In 6-OHDA-lesioned rats, the spike firing of GPe neurons during SWA was again extremely variable; some neurons discharged at high rates (mean rate of up to ∼40 spk/s), whereas other neurons were almost quiescent (mean rate ∼0.01 spk/s) (Fig. 10A–C). Across the sampled cell population, there was again a firing rate/jitter continuum that was well described by a hyperbolic function (Fig. 10D). However, molecularly defined prototypic and arkypallidal neurons tended to distribute within distinct and restricted aspects of this continuum (Fig. 10D), in line with data from dopamine-intact animals. Thus, all PV+ prototypic neurons (n = 25) fired at relatively high mean rates (>8 spk/s) during SWA (Fig. 10A,D,F). Although PV− prototypic neurons (n = 5) fired at significantly lower rates than PV+ neurons, their firing regularities were similar (p = 0.026 and p = 0.148, respectively, Mann–Whitney tests) (Fig. 10B,D,F). Arkypallidal neurons fired at significantly lower mean rates (<3 spk/s; p < 0.001) than prototypic neurons during SWA (Fig. 10C,D,G).
During SWA, the average firing rate of prototypic neurons in lesioned rats was not different from that of neurons in dopamine-intact rats (p = 0.188, Mann–Whitney test). However, chronic dopamine loss profoundly altered the firing patterns of prototypic neurons. Indeed, on average, the firing regularity of prototypic neurons was significantly decreased (i.e., higher CVISI values than those of neurons in dopamine-intact rats; p < 0.001; see Fig. 10F), which was likely the result of their firing being strongly timed with ongoing cortical slow oscillations (Fig. 10A,B). In line with this, the firing of all prototypic neurons (n = 30) was significantly phase-locked to cortical slow oscillations in lesioned rats (Rayleigh's Uniformity Tests); and in further contrast to the situation in dopamine-intact animals, all prototypic neurons in lesioned rats preferentially fired around the oscillation troughs (i.e., at phase angles between >90° and <270°) (Fig. 10A,B,H). The mean angle of the preferred phases of these prototypic neurons (179.4 ± 3.4°) was significantly different from that of neurons in intact animals (p < 0.001, Watson–Williams F-Test; Figs. 6H and 10H). The vector lengths of prototypic neurons in lesioned animals were also significantly greater than those of neurons in dopamine-intact animals (p < 0.001, Mann–Whitney test), further indicating that the preferred firing of individual neurons was comparatively more tightly locked after dopamine loss.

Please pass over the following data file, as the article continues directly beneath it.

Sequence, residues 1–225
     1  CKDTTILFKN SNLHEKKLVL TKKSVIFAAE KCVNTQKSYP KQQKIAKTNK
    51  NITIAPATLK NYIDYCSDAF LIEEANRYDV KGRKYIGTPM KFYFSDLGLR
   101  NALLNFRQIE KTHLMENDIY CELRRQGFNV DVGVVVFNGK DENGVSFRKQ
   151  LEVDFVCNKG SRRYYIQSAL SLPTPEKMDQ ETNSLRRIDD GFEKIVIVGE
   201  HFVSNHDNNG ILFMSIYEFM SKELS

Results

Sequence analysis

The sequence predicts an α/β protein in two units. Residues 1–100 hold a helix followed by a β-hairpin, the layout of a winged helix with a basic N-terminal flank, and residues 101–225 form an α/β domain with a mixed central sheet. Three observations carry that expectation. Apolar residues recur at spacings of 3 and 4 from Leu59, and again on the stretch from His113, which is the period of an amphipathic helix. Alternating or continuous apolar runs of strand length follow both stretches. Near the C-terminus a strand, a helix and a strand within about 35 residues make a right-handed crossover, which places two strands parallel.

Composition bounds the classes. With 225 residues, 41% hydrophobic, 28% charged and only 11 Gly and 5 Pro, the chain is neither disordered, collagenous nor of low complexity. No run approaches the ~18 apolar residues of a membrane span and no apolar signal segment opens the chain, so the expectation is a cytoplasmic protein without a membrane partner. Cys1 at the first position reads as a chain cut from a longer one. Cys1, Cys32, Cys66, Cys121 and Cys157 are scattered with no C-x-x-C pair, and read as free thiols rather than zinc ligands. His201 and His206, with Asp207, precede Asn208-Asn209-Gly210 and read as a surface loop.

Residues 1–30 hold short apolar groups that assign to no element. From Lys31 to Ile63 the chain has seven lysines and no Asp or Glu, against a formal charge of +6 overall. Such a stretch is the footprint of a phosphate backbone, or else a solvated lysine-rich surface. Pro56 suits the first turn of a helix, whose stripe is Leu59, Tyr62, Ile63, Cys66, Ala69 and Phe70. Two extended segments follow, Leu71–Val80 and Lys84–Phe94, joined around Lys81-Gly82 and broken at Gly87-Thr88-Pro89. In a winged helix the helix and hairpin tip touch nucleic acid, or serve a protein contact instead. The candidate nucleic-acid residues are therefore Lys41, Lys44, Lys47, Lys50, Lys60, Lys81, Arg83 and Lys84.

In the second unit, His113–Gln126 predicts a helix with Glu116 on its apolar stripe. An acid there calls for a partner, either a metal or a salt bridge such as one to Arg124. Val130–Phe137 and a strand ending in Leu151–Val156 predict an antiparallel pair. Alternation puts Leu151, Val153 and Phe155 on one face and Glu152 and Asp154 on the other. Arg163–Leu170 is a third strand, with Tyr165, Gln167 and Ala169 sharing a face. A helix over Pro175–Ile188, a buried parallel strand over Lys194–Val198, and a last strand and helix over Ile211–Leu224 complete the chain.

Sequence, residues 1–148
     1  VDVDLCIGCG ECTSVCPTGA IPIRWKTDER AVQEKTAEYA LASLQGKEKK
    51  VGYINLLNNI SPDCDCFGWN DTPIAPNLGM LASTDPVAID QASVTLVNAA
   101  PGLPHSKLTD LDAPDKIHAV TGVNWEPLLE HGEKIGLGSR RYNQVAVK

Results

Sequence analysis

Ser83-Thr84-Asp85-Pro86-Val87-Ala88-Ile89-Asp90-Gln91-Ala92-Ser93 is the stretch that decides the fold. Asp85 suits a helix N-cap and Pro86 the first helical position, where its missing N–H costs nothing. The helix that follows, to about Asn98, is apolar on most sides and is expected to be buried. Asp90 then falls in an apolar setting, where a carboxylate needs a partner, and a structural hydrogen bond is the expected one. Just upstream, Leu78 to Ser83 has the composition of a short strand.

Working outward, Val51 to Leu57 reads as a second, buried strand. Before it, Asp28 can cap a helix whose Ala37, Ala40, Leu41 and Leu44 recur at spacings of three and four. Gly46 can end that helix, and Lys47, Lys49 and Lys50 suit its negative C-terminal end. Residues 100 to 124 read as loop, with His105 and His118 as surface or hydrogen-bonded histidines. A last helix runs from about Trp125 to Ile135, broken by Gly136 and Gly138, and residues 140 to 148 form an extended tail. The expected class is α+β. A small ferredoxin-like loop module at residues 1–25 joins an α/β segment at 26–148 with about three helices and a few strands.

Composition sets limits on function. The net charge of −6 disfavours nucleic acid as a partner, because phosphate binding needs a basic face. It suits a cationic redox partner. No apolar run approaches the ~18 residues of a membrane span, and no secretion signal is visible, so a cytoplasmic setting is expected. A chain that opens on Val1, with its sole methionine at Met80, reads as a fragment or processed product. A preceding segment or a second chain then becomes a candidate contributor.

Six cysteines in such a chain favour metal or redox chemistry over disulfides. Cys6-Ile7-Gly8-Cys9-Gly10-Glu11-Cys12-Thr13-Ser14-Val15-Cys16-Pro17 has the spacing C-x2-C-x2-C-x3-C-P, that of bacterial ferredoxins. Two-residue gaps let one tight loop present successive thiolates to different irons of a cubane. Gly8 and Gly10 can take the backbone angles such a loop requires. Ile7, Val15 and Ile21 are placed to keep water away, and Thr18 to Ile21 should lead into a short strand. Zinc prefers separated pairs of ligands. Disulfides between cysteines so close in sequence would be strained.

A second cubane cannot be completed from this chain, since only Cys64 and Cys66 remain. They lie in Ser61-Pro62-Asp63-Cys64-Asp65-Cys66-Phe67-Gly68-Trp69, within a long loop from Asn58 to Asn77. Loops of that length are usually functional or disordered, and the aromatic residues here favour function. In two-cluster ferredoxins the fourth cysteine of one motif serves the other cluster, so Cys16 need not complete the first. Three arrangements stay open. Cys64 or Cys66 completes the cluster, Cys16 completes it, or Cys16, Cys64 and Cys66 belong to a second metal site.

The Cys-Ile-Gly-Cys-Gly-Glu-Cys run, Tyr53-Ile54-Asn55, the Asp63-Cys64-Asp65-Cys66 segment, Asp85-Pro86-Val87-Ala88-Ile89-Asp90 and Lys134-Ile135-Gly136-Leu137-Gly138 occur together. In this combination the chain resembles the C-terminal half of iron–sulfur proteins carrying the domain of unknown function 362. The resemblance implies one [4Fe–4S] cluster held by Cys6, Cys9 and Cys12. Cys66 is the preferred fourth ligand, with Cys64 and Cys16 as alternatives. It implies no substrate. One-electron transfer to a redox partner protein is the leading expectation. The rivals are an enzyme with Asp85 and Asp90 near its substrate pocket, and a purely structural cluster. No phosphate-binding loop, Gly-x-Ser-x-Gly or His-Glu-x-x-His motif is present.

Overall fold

Chronic dopamine loss had relatively subtle effects on the firing of arkypallidal neurons. Compared with arkypallidal neurons recorded during SWA in dopamine-intact rats, those recorded in lesioned rats had similar average firing rates and regularities (Fig. 10C,G). Moreover, the spikes of all qualifying arkypallidal neurons (n = 8) in lesioned rats were again significantly locked to cortical slow oscillations, and all neurons preferentially fired around the oscillation peaks (Fig. 10C,I). The mean angle of the preferred phases of these arkypallidal neurons (358.8 ± 8.1°; Fig. 10I) was similar to that of arkypallidal neurons in intact animals (Fig. 6I). Notably, however, the preferred firing of individual neurons was more tightly locked in lesioned rats, as demonstrated by significantly longer vector lengths (p = 0.036). The differential influence of 6-OHDA lesions on the firing of the two GPe cell types during SWA did not arise because of any systematic difference in the power of coincident cortical slow oscillations.